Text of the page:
2014 was the first non-recession year accompanied by stable carbon emissions, the International Energy Agency announced in a new report on 13th March. Or this was the message many global media players (including the BBC) reported a few days ago.
What did not receive as much attention from the report was the clause “from the energy sector”. In other words, the IEA reported that global emissions did not grow from energy generation. The good news is that this happened in a year of global financial growth, for the first time; not during a recession. The IEA attributes the halt in emissions growth largely to changing patterns of energy generation and consumption in China and OECD countries. Although this is good news, and shows that financial growth can partly be decoupled from carbon emissions, it does not mean that global emissions have ‘stalled’.
Another announcement claimed that the UK even reduced the total carbon emissions by 9.2%, based on an analysis by recent data from DECC. However, this was strongly disputed by a research team in Leeds University. Their report shows how carbon emissions calculations did not take into account goods manufacturing for British consumers. If this was to be taken into account, the UK has not reduced its carbon emissions, and the government targets of 80% emission reduction by 2050, should be reached 10 years earlier!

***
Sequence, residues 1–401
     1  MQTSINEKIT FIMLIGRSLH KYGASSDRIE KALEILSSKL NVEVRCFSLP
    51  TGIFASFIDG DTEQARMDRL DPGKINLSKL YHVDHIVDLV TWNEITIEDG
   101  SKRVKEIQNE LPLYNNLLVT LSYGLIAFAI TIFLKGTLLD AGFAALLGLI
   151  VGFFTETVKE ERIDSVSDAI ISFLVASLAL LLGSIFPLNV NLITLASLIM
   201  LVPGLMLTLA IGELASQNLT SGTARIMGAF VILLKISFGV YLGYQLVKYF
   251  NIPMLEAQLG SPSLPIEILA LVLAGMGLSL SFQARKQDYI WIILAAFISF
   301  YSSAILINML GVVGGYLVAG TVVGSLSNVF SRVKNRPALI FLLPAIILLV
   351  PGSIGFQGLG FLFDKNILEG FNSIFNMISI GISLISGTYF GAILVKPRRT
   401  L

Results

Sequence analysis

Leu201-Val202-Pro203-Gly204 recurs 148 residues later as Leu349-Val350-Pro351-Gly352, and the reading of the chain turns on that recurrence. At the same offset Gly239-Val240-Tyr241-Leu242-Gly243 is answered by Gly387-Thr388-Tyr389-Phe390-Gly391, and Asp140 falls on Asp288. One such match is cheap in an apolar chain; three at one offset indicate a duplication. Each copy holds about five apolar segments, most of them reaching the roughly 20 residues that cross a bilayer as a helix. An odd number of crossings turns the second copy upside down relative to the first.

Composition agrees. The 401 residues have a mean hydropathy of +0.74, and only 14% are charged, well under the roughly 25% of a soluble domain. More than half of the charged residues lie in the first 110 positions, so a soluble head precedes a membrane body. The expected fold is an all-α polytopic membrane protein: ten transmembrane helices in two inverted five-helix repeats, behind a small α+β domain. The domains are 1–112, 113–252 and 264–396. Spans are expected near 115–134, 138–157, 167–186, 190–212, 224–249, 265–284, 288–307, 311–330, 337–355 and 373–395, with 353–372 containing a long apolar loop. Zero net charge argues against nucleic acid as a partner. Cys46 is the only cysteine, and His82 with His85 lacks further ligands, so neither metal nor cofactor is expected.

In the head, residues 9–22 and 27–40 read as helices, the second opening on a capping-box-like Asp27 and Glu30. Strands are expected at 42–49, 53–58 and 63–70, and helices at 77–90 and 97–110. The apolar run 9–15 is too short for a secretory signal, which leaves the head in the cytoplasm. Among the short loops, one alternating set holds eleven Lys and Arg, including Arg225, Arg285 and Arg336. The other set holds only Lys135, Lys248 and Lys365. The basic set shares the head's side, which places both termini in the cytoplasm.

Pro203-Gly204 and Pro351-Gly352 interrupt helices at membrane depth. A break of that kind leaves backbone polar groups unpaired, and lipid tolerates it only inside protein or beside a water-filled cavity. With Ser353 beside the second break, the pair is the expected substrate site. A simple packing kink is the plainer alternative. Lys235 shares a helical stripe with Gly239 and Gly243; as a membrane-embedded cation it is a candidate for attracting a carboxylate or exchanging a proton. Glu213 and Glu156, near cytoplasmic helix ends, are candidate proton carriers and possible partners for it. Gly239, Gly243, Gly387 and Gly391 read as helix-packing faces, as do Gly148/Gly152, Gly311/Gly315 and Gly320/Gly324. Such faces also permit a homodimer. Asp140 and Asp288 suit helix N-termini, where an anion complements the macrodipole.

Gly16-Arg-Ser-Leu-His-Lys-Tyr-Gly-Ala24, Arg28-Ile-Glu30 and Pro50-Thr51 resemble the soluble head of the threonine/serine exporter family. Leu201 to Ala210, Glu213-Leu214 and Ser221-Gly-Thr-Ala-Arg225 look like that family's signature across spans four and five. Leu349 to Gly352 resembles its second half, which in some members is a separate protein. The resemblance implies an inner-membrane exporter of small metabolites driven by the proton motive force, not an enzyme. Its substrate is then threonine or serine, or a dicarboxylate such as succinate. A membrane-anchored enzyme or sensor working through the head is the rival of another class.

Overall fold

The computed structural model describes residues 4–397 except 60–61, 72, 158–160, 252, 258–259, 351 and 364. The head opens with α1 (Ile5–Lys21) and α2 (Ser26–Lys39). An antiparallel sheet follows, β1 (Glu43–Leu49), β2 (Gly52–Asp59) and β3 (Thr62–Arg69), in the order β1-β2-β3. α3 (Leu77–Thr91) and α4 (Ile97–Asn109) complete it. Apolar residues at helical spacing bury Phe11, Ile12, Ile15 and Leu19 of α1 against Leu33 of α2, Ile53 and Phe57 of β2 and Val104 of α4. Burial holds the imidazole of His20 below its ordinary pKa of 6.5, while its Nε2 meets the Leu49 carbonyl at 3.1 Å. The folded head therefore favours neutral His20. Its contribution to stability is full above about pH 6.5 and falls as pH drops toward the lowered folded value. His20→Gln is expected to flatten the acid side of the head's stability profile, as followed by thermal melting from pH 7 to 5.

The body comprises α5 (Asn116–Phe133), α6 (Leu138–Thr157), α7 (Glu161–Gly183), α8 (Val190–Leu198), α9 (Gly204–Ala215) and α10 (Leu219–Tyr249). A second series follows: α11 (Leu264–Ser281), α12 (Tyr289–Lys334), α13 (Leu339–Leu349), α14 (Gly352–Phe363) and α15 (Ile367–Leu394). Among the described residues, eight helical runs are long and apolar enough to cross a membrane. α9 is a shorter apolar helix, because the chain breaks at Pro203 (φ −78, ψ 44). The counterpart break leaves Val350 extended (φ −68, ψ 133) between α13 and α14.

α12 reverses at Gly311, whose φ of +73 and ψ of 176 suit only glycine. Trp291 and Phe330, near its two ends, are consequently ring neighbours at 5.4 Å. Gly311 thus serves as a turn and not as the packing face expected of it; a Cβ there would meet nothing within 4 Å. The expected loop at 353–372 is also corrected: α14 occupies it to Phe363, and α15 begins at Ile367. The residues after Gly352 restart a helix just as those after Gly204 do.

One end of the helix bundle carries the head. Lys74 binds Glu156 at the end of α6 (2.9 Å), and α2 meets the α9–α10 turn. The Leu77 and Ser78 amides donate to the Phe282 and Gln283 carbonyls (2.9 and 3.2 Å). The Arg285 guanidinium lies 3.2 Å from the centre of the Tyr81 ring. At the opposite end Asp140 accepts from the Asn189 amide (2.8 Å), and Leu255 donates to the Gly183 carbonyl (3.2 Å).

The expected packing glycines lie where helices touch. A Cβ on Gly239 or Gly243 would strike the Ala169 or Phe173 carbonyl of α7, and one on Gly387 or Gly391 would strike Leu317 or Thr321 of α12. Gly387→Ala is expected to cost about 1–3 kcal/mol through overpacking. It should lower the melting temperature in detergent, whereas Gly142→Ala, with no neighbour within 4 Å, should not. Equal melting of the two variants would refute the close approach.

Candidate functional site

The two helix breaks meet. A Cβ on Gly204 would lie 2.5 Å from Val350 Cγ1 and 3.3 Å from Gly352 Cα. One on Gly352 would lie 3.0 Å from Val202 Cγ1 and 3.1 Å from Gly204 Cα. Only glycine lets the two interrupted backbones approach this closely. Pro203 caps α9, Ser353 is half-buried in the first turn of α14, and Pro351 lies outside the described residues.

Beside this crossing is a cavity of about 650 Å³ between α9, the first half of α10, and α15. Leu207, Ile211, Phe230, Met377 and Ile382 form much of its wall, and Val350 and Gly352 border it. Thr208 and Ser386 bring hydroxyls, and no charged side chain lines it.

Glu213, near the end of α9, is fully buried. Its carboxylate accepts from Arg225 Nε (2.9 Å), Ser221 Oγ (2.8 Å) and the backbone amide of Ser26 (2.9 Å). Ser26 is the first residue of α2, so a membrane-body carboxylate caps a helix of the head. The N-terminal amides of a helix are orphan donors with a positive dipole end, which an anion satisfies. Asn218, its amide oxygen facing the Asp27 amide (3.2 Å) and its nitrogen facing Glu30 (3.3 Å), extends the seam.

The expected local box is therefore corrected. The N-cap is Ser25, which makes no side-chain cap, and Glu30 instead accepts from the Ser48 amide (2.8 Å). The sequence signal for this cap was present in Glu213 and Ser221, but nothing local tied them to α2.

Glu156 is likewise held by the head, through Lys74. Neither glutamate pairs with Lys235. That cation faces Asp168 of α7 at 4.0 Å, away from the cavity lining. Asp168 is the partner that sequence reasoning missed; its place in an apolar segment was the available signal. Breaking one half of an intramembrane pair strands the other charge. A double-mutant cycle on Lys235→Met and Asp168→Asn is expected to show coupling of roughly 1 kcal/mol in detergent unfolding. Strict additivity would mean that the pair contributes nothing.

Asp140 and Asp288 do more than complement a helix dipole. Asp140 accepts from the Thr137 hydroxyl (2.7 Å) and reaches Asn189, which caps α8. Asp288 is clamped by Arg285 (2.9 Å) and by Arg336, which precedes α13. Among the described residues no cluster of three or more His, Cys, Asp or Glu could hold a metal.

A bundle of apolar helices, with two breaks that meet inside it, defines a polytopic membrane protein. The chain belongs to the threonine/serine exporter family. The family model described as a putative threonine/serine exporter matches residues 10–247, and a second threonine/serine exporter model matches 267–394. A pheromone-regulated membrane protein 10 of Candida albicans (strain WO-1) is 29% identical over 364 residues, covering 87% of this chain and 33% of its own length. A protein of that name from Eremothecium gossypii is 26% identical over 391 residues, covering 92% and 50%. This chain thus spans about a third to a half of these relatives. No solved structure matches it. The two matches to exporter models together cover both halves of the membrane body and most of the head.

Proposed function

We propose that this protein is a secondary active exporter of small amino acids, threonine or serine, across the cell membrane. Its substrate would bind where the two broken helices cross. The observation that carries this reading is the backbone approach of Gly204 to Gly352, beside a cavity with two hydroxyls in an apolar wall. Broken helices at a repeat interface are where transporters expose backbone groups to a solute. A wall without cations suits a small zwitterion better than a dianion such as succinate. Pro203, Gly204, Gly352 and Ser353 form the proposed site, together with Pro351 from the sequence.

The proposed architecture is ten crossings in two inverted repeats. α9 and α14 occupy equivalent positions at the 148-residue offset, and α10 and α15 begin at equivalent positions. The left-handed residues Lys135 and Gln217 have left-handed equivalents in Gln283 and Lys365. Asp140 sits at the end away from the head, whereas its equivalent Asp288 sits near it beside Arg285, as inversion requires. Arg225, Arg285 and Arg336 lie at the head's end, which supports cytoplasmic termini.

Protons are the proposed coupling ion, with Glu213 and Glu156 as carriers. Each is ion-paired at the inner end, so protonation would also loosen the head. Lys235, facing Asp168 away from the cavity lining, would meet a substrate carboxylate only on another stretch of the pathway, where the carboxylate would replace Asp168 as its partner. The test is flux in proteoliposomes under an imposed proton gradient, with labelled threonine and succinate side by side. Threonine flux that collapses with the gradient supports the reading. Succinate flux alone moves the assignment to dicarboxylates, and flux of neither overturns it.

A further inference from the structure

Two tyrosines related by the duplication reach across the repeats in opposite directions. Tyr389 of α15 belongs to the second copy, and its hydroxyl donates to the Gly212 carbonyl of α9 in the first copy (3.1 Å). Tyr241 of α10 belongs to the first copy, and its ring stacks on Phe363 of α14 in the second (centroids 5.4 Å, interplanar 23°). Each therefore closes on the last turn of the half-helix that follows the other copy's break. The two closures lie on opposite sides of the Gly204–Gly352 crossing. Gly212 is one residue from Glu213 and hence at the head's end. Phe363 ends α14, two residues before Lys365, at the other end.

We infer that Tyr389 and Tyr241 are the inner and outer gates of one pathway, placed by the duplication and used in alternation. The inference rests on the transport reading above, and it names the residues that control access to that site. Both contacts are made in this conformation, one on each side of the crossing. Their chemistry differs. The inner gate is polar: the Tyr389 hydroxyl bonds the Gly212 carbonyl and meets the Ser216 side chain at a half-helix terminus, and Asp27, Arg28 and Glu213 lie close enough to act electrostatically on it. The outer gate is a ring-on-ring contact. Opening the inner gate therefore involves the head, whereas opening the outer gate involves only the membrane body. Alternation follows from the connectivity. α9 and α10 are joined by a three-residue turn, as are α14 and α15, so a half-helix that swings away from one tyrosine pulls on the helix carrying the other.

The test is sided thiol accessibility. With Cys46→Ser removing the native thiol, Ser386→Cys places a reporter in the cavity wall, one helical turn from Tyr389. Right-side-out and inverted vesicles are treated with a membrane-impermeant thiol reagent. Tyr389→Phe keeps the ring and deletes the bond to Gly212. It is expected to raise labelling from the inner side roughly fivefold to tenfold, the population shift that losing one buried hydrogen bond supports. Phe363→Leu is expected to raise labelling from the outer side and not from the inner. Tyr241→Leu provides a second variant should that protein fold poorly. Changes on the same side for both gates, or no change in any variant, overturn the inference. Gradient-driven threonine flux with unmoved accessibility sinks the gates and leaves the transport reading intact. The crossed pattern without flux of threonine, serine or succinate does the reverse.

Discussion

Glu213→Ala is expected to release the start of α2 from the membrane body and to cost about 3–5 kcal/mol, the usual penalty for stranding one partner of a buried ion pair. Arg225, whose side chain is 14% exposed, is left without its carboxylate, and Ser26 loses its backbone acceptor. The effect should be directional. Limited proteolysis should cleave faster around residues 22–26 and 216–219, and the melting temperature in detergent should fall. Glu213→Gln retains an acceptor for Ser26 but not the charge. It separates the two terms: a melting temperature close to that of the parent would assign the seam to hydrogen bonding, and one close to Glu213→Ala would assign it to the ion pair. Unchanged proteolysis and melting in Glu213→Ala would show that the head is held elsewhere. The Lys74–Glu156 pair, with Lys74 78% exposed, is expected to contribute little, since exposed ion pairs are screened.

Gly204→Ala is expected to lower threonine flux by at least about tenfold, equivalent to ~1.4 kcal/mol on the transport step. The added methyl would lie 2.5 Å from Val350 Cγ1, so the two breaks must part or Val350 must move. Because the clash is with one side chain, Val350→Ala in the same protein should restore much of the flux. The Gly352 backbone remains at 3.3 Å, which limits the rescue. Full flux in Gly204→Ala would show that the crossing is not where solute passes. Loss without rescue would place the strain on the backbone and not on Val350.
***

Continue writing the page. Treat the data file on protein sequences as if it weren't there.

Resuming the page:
Success on this scale cannot be accomplished without broad political consensus. The latest IPCC report leaves no room for complacency: we are already late to contain climate change in manageable levels. With general elections coming up in less than two months, followed up by the Paris talks on climate change, this is a real opportunity for British parties to give climate change and carbon emission reduction policies their true place in politics: not as matters of debate with different importance in the political agenda of each party, but as vital topics that will be consistently addressed regardless of electoral cycles.